Approximately eighteen miles off the Honduran mainland, the small island of Utila basks in the gentle glow of the Caribbean sun. Throughout history Utila has been a beacon for people from all walks of life, be they pirates of old or modern day backpackers looking for new treasures to return home with. It’s for these reasons that out of all the places in this wide and wonderful world I chose to do my Instructor Development Course (IDC) and become a PADI instructor. My thoughts are interrupted as the ferry from La Ceiba (affectionately known as ‘The Vomit Comet’) steams into the port and I catch my first glimpses of the Pirates paradise, the numerous rickety wooden docks tumbling out over the still bay. You can see the waves breaking on the shallow reefs which surround Utila making it a lure for divers of all levels and passions.
Several weeks prior to my arrival I emailed several dive shops that offered the Instructor course and after all was said and done, Utila Dive Center (UDC) rose head and shoulders above the rest. Not only were they more than happy to provide information about courses and their dive facilities (as expected), they gave me first hand advice alongside tips and tricks for travel, accommodation and general island life which made me feel that I was returning to a home away from home before even setting foot on the plane in London.
On arrival, I touched base at the dive shop which is located a ten minute walk from the main pier. Utila Dive Center is alive with the hustle of dive briefings and the bustle of tanks and equipment carried, like ants, by Divemasters to and from boats. UDC boasts first class tuition and facilities, hitting the nail on the head as so to speak, which is consequently the aim of the game in the beloved past time‘Nails’, one of many activities that make up its buzzing post-dive social scene .
After a few days of acclimatization including good food, good drink and good people the IDC began and we’re introduced to UDC’s holy trinity embodied in Suzy, Jhair and Mary, each a shining example of what we could achieve with the right mind set and attitude. The days are filled with classroom, pool and open water sessions which slowly and surely over the course of 2 weeks whittled us down in to lean mean SCUBA instructing machines. Delicious hot buffets were dotted through-out the fortnight serving as milestones congratulating our progress but also acting as an incentive to complete the next leg of training. The course structure was perfect with days that were full but weren’t stuffed to the rafters allowing for post class tomfoolery to ensue on more than one occasion.
Following a focused couple of weeks, the first dive which could be legitimately counted as fun provided a much needed buffer between IDC and the Instructor exam. Martini’s Law (the fastest boat in the UDC armada and captained by local legend Ryan) steamed towards the North side and CJ’s drop off, a dive site appropriately named as the wall the title describes cascades dramatically downwards into the desolate depths below. An abundance of marine life call the wall itself, the plateau situated on top and the impenetrable blue just off to the North, home. It’s not unlikely to spot turtles gently pulling themselves towards a cleaning station or an Eagle ray as it soars towards an unfixed destination. Needless to say that this was the perfect balm to soothe our tired minds which, at that moment, were still trying to sort and file PADI standards, dive theory and the reality of the rapidly approaching Instructor Exam (IE).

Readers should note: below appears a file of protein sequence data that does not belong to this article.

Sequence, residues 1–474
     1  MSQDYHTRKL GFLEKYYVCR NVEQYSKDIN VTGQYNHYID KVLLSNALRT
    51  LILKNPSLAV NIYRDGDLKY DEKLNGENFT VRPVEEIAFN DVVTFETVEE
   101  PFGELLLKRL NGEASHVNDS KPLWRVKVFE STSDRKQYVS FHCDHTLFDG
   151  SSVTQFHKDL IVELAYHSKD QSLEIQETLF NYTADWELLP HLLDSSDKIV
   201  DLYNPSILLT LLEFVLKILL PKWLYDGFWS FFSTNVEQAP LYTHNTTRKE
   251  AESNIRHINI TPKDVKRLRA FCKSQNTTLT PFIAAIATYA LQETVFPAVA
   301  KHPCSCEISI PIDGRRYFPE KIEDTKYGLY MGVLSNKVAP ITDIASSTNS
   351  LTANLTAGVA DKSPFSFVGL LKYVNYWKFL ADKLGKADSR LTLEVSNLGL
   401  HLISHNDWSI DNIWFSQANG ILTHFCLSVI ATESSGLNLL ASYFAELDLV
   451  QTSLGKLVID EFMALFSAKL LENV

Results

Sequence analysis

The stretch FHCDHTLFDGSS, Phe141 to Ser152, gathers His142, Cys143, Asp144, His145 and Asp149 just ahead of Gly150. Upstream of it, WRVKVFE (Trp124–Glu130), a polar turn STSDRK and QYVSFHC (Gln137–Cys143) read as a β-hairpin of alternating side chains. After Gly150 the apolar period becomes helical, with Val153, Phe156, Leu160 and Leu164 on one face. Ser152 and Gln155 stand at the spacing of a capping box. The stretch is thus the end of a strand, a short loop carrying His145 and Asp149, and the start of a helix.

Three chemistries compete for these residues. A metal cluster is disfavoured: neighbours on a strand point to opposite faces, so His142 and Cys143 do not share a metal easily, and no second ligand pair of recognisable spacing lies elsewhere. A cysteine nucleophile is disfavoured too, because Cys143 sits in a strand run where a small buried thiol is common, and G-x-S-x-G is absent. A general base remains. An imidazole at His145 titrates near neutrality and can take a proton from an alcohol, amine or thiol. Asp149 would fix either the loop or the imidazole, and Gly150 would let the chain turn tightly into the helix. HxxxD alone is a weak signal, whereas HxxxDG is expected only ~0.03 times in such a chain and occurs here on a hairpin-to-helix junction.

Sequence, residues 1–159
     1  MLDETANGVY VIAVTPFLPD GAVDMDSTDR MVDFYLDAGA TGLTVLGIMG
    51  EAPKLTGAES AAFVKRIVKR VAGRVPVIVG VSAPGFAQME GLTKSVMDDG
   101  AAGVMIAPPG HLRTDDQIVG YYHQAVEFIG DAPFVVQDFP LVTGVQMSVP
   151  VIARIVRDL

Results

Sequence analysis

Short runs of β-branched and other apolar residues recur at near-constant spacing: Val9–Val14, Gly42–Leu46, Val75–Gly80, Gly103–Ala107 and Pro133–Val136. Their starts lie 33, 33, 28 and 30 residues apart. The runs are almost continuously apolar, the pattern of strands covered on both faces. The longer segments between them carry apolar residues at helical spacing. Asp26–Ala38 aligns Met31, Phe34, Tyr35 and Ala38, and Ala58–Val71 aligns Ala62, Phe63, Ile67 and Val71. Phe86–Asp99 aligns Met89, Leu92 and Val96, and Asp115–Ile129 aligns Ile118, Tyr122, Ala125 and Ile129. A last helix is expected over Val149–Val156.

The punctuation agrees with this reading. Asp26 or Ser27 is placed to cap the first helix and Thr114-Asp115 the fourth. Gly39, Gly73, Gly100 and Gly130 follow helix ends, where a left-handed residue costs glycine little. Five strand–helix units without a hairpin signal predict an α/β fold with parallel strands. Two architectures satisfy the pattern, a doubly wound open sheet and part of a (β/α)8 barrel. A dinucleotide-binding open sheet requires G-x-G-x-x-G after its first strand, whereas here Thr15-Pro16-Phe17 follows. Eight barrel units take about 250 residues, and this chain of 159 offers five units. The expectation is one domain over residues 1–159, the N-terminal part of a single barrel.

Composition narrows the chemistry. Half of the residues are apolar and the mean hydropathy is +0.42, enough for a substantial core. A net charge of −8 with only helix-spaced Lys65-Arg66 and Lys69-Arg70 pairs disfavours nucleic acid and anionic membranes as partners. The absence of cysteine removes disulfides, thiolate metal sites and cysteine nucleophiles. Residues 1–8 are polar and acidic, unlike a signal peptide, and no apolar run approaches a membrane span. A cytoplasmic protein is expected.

The following morning as I wiped the sleep from my eyes and stumbled aboard the Fishfinder it dawned on me that I was in fact well prepared for this test and the anxiety fell away. Two days and four tests followed which were aced by everyone involved and after all that I was an PADI Open Water Scuba Instructor.
Looking back on it now you can see the course run by UDC is the result of a lot of hard work and experience gained by staff as a result of teaching large amounts of instructors. This, to me, seems like a great advantage over other shops as any problems encountered are ironed out without issue and time is spent one on one overcoming any hurdle you could imagine being it technical or academic. In addition I found the bigger class sizes at UDC hugely beneficial as it allows for a more interactive experience meaning you don’t only learn from the IDC staff but from other candidates supplementing the required learning.
In conclusion I would strongly recommend anyone considering taking the next step in PRO level training to come and do it with UDC in Utila. You’ll learn so much more than what the curriculum demands and make some great friends along the way.
Wish you were here,
For more info about UDC and Utila see the links below.